|Publication number||US4793737 A|
|Application number||US 07/057,554|
|Publication date||Dec 27, 1988|
|Filing date||Jun 3, 1987|
|Priority date||Jun 5, 1986|
|Also published as||CA1287568C, EP0251488A2, EP0251488A3, EP0251488B1|
|Publication number||057554, 07057554, US 4793737 A, US 4793737A, US-A-4793737, US4793737 A, US4793737A|
|Original Assignee||Bechtel Limited|
|Export Citation||BiBTeX, EndNote, RefMan|
|Patent Citations (7), Non-Patent Citations (3), Referenced by (76), Classifications (17), Legal Events (7)|
|External Links: USPTO, USPTO Assignment, Espacenet|
This invention relates to systems of flexible risers (within which we include control umbilicals) extending from subsea oil or gas production equipment positioned on the seabed, over a mid-water support and up to a vessel on the surface of the sea, and to methods of installing them.
A system wherein flexible ducts from different directions are brought over a low support before rising as seen in GB-A No. 20ll506. Other designs and configurations for flexible risers have been described by Coflexip in their brochure "Dynamic Flexible Risers" printed in September 1985. These include five configurations named as follows:
(b) lazy S
(c) steep S
(d) lazy wave
(e) steep wave.
The last four all have mid-water supports. In addition "Offshore Engineer" of February 1985 shows a form of lazy S configuration wherein the lower leg, below the mid water support, runs back under that support i.e. towards the region under the vessel.
It is likely that many semi-submersible floating production systems will in future have at least some of their production wells positioned directly beneath the vessel for two reasons:
produced fluids can flow more readily without suffering from the slugflow, hydrate, wax and emulsion problems associated with subsea flowlines;
workover and other subsea equipment maintenance can be performed directly without requiring a second vessel.
The steep S and steep wave configurations, which are designed to be used when wells are beneath the vessel, are difficult to install and require extra connection points at the riser base. It is desired therefore to reduce the number of connections to a minimum and to make installation as simple as possible. It may be necessary to perform the installation without using divers.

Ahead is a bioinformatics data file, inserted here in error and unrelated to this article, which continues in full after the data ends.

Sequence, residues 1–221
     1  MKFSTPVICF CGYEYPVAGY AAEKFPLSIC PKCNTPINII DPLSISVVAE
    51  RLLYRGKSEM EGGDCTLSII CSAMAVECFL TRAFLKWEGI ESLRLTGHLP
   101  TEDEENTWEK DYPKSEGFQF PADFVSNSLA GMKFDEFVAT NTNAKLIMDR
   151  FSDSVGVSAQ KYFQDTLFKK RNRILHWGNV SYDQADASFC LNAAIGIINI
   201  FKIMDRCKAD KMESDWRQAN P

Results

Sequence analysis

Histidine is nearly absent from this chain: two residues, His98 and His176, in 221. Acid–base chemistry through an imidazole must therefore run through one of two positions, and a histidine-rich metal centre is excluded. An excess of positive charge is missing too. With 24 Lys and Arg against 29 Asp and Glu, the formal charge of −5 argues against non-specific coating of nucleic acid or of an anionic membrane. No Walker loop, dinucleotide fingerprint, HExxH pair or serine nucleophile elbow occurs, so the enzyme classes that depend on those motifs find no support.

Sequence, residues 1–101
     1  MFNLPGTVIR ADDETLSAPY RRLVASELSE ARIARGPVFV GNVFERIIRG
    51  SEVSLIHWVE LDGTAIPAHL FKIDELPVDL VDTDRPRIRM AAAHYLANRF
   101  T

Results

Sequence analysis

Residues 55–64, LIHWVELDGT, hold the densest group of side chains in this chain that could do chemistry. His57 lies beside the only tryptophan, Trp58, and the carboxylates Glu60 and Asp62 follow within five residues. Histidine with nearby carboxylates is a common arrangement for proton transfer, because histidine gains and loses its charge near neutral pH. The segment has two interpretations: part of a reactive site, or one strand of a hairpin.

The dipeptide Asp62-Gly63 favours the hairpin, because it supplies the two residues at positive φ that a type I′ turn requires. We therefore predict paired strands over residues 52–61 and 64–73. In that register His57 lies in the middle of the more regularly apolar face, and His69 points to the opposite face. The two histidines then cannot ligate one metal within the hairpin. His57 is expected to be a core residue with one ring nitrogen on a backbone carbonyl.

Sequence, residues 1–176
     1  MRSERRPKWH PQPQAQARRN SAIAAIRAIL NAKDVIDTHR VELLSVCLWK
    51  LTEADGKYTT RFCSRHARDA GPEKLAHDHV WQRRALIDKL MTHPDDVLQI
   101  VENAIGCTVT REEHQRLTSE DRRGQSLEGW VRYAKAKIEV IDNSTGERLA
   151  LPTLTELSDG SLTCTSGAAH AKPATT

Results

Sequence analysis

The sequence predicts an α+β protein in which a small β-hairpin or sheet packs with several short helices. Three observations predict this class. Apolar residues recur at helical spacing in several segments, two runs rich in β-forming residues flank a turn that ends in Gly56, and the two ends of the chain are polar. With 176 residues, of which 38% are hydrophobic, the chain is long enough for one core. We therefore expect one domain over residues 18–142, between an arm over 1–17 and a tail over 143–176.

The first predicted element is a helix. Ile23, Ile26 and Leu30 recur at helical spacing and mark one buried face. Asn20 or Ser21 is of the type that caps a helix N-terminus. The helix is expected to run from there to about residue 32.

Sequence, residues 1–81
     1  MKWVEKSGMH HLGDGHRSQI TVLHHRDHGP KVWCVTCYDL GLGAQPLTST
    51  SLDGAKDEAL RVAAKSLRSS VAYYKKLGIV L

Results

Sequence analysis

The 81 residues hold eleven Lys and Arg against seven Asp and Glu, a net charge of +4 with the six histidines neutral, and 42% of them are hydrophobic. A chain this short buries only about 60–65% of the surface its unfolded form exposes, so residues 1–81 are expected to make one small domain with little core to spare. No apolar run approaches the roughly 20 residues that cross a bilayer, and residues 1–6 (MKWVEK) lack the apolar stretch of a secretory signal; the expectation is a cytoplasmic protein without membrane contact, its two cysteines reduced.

The present invention is concerned to allow lazy S installations to be made comparatively readily on a pre-positioned midwater support. The key to the successful operation is the realisation that both the upper and lower legs may be precisely designed to optimum lengths if the riser is restrained by the support before the upper leg is laid and if that restraint is provided at the lateral side of the support away from the direction in which the upper part of the riser will then be moved to lay it over the support and from the slack catenary of the upper leg which is then attached to the production vessel. The restraint is preferably provided by a channel into which the riser is guided and is then prevented from downward movement by engagement of a stop on the riser with a detent associated with the channel. The channel may be part of a guide channel extending over the support and receiving the riser as it goes into the loop of the slack catenary of the upper leg.
The support may be a tethered buoy or may be a rigid structure.
The free end of the riser at the seabed may be drawn back under the support to achieve connection with equipment vertically under the vessel: this may be achieved by a sled associated with the free end, either temporarily (the end being lowered into a container on the sled borne on a base of the support) or permanently, the sled then being lowered with the end from a construction vessel and preferably then being received on a specially conformed base with orienting guide ribs or channels. Furthermore the base may have stops whereby the sled, initially vertically oriented, may be tipped over by appropriate movement of the construction vessel, so as to present the free end appropriately towards the equipment.
Specific embodiments of the invention will now be described by way of example with reference to the accompanying drawings in which:
FIG. 1 is a diagrammatic side view showing a riser being unreeled and suspended vertically from a construction vessel;
FIG. 2 shows a later stage in the operation;
FIG. 3 shows a third stage after laying the upper section over the buoy and attaching the upper connector to the production vessel.
FIG. 4 is an isometric view of a completed nine-riser system using a buoyant mid-water support.
FIG. 5 is an isometric view of a completed system using a fixed mid-water support;